January 30, 2012

Facebook has 100 million more U.S. users than Google did at IPO

Filed under: facebook, google — Rakesh Agrawal @ 11:09 am

In December, Facebook had more than 100 million more unique users than Google did when it went public in August 2004. In December 2011, Facebook had 162.5 million unique users in the United States. In August 2004, Google had 61.9 million U.S. unique visitors. It was a distant #4 among Web properties. (Yahoo was #1, with 113.1 million uniques.)

Strong usage can turn into strong demand among retail investors.

But for long-term prospects, it can also indicate saturation. At the time that Google went public, it reached less than 40% of the U.S. Internet audience. Facebook already reaches 73.7% of the U.S. audience.

For some reason, Google Docs charting starts the scale at 40 instead 0, this distorts the size of the difference between Facebook and Google. Facebook at IPO is 2.6x Google at IPO, but the chart makes it look 6x. Stranger still, I couldn’t find a way to get Google Docs to start the chart at 0.

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January 23, 2012

Twitter and Google are both responsible for you not being able to search tweets

Filed under: facebook, google, search, twitter — Rakesh Agrawal @ 7:45 pm

Chris Dixon ignited a firestorm on his blog when he said it was Twitter’s fault that Google doesn’t index tweets. It’s the fault of both parties, really. Neither has the moral high ground.

Twitter does not block Google from crawling their site. Google does crawl Twitter and index tweets. You can see this by going to:

You will see some of my tweets in Google’s search index.

Right now, Google does this by crawling Twitter, just like it does for everything else. But crawling takes resources (bandwidth, compute cycles). For a site that is updated as much as Twitter, it would take a lot of resources to keep a reasonably fresh index.

This also has an impact on the crawled site. Twitter has enough stability problems without Google increasing its crawl rate. If Google cranked it up, it would make Twitter less stable.

Another alternative is for Twitter to provide a feed of new tweets to Google. This is what they do for bing and what they previously did for Google, before their agreement ended. This would take less computing power and bandwidth on both sides.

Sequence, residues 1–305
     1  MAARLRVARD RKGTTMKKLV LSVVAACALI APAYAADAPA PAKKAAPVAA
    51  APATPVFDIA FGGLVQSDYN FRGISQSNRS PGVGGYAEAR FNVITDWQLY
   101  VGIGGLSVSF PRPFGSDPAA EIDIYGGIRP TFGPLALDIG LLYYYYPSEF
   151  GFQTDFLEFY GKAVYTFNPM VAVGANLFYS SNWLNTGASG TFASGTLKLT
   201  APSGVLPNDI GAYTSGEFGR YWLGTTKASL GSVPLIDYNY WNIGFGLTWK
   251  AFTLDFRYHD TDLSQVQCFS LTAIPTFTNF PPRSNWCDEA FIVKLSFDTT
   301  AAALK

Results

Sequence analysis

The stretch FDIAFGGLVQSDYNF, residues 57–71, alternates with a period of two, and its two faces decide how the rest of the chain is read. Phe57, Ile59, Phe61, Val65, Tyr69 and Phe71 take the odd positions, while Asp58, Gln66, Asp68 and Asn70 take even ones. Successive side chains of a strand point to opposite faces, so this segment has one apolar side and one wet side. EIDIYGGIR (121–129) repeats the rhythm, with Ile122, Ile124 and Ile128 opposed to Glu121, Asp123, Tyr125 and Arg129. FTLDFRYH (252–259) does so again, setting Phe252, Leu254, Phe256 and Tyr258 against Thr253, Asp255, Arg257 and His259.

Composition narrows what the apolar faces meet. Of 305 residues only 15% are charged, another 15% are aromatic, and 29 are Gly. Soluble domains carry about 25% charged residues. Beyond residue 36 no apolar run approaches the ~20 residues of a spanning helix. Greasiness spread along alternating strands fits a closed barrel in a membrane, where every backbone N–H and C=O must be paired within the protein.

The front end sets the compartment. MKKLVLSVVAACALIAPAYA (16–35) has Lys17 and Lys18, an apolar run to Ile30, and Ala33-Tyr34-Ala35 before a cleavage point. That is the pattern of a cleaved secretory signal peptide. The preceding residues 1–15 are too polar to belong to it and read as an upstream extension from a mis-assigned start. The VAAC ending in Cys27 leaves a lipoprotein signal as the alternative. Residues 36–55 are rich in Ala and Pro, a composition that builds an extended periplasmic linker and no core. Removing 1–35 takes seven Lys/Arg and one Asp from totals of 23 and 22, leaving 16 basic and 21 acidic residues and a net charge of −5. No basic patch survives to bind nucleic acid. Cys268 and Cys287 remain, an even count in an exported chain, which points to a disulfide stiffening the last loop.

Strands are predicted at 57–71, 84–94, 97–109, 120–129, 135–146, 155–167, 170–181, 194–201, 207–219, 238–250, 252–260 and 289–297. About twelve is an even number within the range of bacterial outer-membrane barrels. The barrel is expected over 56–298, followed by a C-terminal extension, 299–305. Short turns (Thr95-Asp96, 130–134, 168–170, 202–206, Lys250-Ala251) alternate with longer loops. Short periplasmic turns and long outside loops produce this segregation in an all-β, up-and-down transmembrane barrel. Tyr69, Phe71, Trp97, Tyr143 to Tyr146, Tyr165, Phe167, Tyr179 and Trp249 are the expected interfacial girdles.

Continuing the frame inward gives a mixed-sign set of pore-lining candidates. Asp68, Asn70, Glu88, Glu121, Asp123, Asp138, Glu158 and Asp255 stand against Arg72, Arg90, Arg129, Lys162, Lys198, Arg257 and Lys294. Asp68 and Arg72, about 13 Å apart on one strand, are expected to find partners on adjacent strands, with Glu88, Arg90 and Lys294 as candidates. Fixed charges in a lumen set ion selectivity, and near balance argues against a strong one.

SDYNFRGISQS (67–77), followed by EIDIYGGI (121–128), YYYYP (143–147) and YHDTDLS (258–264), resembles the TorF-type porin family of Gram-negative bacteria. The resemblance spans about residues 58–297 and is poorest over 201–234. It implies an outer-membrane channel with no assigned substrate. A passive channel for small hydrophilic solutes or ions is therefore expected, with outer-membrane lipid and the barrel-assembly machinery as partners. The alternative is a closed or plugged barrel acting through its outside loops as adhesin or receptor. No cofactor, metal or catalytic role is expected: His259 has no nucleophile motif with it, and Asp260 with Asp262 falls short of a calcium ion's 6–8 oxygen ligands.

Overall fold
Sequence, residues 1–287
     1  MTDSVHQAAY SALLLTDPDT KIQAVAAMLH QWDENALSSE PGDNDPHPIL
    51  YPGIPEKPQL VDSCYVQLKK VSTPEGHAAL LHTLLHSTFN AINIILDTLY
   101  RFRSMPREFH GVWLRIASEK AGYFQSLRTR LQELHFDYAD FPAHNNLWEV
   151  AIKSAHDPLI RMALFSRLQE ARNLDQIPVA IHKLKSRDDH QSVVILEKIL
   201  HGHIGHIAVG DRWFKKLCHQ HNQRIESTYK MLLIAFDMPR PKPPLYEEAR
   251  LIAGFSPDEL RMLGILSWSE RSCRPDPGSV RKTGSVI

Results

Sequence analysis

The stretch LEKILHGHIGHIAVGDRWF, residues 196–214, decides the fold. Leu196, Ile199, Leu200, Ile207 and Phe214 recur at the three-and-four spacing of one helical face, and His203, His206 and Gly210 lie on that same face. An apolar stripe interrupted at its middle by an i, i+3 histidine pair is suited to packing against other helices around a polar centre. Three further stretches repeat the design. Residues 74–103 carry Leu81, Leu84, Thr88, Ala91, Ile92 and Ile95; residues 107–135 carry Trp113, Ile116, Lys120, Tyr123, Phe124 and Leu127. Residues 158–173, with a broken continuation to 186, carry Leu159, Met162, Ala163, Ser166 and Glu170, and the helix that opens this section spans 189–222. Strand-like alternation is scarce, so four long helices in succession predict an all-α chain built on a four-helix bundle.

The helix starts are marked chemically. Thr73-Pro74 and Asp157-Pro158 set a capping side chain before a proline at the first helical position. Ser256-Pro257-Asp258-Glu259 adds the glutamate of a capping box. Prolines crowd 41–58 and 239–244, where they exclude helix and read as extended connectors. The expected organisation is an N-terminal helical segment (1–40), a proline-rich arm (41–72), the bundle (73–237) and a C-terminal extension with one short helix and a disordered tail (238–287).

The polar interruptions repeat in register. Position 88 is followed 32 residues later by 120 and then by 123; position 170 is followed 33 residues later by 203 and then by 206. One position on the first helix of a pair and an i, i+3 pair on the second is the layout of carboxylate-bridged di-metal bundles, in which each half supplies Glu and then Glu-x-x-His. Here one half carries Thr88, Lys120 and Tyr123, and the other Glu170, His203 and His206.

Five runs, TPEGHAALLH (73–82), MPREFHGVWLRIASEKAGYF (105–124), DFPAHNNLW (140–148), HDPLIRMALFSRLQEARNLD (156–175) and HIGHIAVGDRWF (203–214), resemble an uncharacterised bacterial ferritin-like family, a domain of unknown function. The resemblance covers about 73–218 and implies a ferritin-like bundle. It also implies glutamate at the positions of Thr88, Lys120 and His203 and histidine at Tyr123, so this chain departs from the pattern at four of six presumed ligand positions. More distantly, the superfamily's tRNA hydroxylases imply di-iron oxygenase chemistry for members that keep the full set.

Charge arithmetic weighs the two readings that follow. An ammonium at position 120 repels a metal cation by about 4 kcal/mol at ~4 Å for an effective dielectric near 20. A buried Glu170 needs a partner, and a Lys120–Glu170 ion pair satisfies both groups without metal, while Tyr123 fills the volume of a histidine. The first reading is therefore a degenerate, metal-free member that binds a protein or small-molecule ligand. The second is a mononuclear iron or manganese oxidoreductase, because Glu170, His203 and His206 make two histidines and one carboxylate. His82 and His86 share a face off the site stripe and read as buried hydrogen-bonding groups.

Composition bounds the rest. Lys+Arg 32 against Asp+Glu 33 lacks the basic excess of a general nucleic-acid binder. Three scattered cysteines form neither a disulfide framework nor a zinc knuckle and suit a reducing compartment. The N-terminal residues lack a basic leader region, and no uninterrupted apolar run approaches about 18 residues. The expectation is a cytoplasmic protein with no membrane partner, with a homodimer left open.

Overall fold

Twitter used to charge Google for this. It was a rare case where Google paid for content. According to Google, Twitter decided to stop licensing this feed to them.

So there are two ways to get more tweets into Google:

  • Twitter could provide a feed (either for free or a mutually agreed upon fee).
  • Google could increase it’s crawl frequency.

A third, more complicated way to solve this is for Twitter to provide Google a real-time query API. This would require that Twitter build a decent search engine first.

There’s a broader question here, that Yelp has raised a few times, including in the senate hearings: should Google be allowed to use its dominance in Web search to make its way into other spaces like local and social?

If  social search was not part of Google’s dominant Web search, no one would care whether it included Twitter or Facebook results because no one would use it. But because Search plus Your World is so prominent in Google search, Twitter and Facebook care.

See my series on Google and antitrust for a deeper exploration of this.

January 22, 2012

Groupon, LivingSocial and daily deals – consumer FAQ

Filed under: daily deals, groupon, livingsocial — Rakesh Agrawal @ 8:03 pm

Judging from the queries that come to this blog, there are a lot of questions that consumers have about daily deals from Groupon and LivingSocial. If you are a merchant and are interested in learning about the merchant experience, see the Groupon merchant FAQ. Please note that although I use “Groupon” extensively throughout this post, the same general principles apply to other U.S. deal sites, including LivingSocial

These are the most frequently asked questions about daily deals:

My Groupon expired. Is it still worth something?

Yes, Groupons and LivingSocial vouchers that expire are still worth what you paid for them forever. In some states, the merchant may be required to honor the full face value (including promotional discount) past the expiration date. You can try to use it at the merchant. If they won’t honor it, call up Groupon or LivingSocial and ask for a refund.

The business I bought a Groupon for went out of business. Can I get my money back?